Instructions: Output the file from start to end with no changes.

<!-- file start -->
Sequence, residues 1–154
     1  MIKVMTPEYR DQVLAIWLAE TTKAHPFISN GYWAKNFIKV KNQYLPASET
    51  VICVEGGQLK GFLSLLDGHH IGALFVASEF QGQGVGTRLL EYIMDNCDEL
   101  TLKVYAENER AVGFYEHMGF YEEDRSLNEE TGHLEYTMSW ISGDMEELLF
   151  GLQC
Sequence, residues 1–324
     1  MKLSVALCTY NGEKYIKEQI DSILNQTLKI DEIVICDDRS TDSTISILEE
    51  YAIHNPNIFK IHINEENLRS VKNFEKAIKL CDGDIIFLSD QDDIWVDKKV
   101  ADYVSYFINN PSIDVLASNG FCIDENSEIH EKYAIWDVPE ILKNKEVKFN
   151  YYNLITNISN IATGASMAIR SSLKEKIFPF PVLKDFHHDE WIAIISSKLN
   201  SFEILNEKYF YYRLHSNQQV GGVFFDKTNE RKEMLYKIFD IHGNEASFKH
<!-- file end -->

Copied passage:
Sequence, residues 1–154
     1  MIKVMTPEYR DQVLAIWLAE TTKAHPFISN GYWAKNFIKV KNQYLPASET
    51  VICVEGGQLK GFLSLLDGHH IGALFVASEF QGQGVGTRLL EYIMDNCDEL
   101  TLKVYAENER AVGFYEHMGF YEEDRSLNEE TGHLEYTMSW ISGDMEELLF
   151  GLQC
Sequence, residues 1–324
     1  MKLSVALCTY NGEKYIKEQI DSILNQTLKI DEIVICDDRS TDSTISILEE
    51  YAIHNPNIFK IHINEENLRS VKNFEKAIKL CDGDIIFLSD QDDIWVDKKV
   101  ADYVSYFINN PSIDVLASNG FCIDENSEIH EKYAIWDVPE ILKNKEVKFN
   151  YYNLITNISN IATGASMAIR SSLKEKIFPF PVLKDFHHDE WIAIISSKLN
   201  SFEILNEKYF YYRLHSNQQV GGVFFDKTNE RKEMLYKIFD IHGNEASFKH